Despite an apparent surplus after the June 29th launch, iPhones have largely been sold out at AT&T shops and have also run out at some of Apple's own outlets.
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Apple Inc.'s chief executive has confirmed that iPhone will ease its way into workplaces after all, according to a new interview.
Apple has released a new trio of iPod games aimed at helping students prep for the S.A.T.'s. Meanwhile, some hints at potential AT&T iPhone data plans have surface. And Sprint has issued to its retail employees a guide filled with "iPhone Talking Points" to help curb iPhone converts.
Apple Inc.'s retail stores plan to offer iPhone shoppers around two dozen accessories for the multi-function handset at or around the time the device goes on sale later this week, AppleInsider has been told.
The first retail-bound volume shipments of Apple Inc.'s hotly anticipated iPhone device arrived successfully in the United States this past weekend, touching down quietly at a handful of drop locations just six days before the device is due to go on sale at nearly 2000 Apple and AT&T retail locations.
In a pair of research notes released Wednesday, analysts for investment banking firm Piper Jaffray offered an update on Apple's June quarter iPod shipments while also commenting on expectations for next-generation iMacs, iPhone availability, and the prospect of an Apple navigation system.
AT&T, the exclusive wireless carrier for iPhone in the United States, will reportedly shutter its entire national retail chain for approximately two hours on June 29th to prepare for that evening's launch of the eagerly awaited Apple handset.
Apple Inc.'s hotly anticipated iPhone device will have a few weeks to bask in the limelight before the electronics maker returns focus to its Mac business with a pair of redesigned iMacs positioned to catch the tail end of the educational buying season.
With a suggested retail price of $300, you'd expect iPod maker Apple Inc. to pocket some hefty change from the sale of each new Apple TV set-top media box.
Despite a growing number of reports to the contrary, it's highly unlikely that Apple will use its developer conference next week to showcase a line of redesigned iMac desktop computers, AppleInsider has learned.
Citing its thesis that Apple's operating leverage remains underappreciated by investors, Morgan Stanley on Wednesday initiated sharp increases to both its earnings forecast and price target for the Cupertino-based consumer electronics maker.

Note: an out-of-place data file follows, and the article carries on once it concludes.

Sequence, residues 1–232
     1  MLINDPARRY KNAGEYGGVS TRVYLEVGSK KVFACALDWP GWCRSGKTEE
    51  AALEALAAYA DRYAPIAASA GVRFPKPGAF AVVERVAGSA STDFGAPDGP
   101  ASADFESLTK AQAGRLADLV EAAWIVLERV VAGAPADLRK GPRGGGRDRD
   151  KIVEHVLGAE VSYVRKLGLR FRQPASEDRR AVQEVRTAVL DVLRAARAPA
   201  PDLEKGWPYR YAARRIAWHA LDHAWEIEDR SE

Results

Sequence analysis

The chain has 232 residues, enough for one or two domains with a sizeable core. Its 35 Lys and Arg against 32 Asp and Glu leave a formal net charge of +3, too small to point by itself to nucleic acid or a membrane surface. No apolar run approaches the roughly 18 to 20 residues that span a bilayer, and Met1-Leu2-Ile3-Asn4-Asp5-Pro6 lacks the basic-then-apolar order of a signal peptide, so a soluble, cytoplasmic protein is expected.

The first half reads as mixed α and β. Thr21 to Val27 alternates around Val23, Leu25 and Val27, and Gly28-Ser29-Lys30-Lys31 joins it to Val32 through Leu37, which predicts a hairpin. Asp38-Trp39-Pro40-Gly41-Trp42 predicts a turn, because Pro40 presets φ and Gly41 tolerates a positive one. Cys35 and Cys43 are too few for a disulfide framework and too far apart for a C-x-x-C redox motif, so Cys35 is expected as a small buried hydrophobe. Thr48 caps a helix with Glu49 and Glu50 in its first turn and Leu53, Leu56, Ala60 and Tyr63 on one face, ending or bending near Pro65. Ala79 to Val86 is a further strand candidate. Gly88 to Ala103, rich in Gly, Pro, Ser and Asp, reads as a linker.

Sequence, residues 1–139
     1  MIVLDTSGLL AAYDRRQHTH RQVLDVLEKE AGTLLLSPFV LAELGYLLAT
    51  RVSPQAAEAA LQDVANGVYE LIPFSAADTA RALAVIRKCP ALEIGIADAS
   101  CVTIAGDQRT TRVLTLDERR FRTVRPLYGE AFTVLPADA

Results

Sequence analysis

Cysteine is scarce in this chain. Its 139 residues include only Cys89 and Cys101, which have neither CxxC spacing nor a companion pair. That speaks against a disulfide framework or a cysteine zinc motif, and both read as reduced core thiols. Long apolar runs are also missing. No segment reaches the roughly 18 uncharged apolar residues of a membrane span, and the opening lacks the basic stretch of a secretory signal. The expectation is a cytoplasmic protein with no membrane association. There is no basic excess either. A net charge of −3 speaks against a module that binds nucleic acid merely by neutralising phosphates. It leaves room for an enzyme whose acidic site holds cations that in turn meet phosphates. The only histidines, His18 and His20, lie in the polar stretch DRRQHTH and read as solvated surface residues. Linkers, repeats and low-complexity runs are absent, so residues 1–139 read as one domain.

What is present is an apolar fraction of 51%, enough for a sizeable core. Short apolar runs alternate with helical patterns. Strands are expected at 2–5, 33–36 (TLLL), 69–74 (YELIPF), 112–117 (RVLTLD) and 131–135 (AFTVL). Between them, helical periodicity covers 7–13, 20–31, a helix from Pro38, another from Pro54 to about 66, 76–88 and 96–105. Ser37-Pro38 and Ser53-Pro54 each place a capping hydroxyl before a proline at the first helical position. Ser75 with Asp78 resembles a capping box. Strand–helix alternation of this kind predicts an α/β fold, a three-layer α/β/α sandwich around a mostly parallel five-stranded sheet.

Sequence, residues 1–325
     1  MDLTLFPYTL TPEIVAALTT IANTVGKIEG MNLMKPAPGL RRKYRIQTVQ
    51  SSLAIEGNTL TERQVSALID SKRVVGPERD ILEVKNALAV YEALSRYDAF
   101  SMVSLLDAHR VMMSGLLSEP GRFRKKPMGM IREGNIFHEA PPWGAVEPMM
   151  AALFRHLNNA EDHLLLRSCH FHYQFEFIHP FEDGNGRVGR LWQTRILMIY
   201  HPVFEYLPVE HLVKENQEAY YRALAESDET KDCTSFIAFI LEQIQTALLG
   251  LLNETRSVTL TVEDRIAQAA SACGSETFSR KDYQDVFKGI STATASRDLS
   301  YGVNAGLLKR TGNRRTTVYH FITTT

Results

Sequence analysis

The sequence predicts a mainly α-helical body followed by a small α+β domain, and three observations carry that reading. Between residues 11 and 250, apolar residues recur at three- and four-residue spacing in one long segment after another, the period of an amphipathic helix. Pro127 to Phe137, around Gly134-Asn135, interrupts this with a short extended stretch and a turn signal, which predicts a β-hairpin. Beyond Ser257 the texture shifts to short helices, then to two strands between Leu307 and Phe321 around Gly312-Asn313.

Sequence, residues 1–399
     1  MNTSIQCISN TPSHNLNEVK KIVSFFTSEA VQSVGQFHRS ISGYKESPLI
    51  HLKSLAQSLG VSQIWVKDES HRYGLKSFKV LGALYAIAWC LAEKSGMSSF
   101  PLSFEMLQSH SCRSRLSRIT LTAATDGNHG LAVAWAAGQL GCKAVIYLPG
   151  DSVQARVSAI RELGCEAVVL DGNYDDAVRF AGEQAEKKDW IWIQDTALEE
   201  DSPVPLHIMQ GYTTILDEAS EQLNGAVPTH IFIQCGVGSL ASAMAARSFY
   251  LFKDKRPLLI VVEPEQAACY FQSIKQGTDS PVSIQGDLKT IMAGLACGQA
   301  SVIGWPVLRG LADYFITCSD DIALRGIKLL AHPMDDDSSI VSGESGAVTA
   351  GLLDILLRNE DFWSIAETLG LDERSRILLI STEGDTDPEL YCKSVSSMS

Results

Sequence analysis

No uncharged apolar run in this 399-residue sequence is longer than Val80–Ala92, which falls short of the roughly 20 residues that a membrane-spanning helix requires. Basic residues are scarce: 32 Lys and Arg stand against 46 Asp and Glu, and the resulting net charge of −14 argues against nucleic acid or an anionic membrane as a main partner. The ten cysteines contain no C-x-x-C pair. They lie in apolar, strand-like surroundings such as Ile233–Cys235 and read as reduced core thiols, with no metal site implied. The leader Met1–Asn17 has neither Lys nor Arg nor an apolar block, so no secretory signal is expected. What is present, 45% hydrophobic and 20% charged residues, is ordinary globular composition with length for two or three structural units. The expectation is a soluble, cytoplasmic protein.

WR Hambrecht & Co. on Wednesday raised its price target on shares of Apple Inc, citing falling component prices during the current quarter and pent-up demand for iPhone leading into next month's launch.
An analysis of April unit data from market research firm NPD leads researchers at PiperJaffray to believe that iPod shipments for Apple's June quarter could come in around 9.5 million units, slightly below Street estimates of 9.8 million units.
Apple's exclusive CPU supplier has been busy prepping quad-core processor cost cuts, clearing lead from its next-generation architecture, and establishing a new flash partnership that could help future iPhones, iPods, and Macs.
Apple's inaugural mobile handset, iPhone, will be available for sale at 2000 retail store fronts when it goes on sale for the first time next month, putting the device within reach of most US households.
Citing expectations for unusual sequential growth in iPod sales this quarter, Caris & Company on Tuesday increased its price target on shares of Apple, adding that it expects the company to be shipping 25 million iPhones per year by fiscal 2009.
Apple has officially announced the changes to its ProCare retail services first detailed by AppleInsider earlier in the week. Meanwhile, the company is set to kick-off a new student venture later this week. And delivery estimates for iPhone components appear to have slipped.
Apple on Wednesday again showed its unparalleled ability to think and execute the unconventional, says American Technology Analyst Shaw Wu, who in a note to clients argued that earnings per share (EPS) may no longer be the best way to value the consumer electronics maker.
Several investment banks are throwing their weight behind Apple's decision Thursday to delay its Leopard operating system in favor of pushing its eagerly sought iPhone device into the market on time.
Analysts at Citigroup are recommending that investors buy shares of Apple Inc. ahead of upcoming product launches, which they say will include Mac OS X Leopard, a touch-screen video iPod, higher capacity iPod nanos and a 3G version of the iPhone.
Significant growth in digital media player shipments from Apple Inc. and other manufacturers is expected to continue for the foreseeable future, helped by the convergence of Internet connectivity and expanded content libraries.
Although AppleTV has ceded the limelight to iPhone and similarly been overshadowed by the buzz preceding the launch of Leopard, it could prove to be as disruptive to legacy video purchase-and-consumption behavior as the iPod has been to traditional music business model, one Wall Street analyst says.
ThinkEquity Partners LCC on Monday joined a chorus of Wall Street firms predicting that Apple Inc. will be ready to deliver its next-generation Leopard operating system to market "in the next few weeks."
Speaking at the Morgan Stanley Technology Conference in San Francisco on Tuesday, Apple chief financial officer Peter Oppenheimer fielded questions on the company's upcoming launch of Apple TV and iPhone, while also talking at length about Mac OS X 10.5 Leopard and strategies in the retail segment. A full transcript the near 40 minute session follows.
A study of Web traffic published on Thursday suggested Apple's influence is on the rise. Simultaneously, a company patent borrowed a cue from Microsoft's Zune, and flash chips from Samsung could be the first step towards finished iPhones.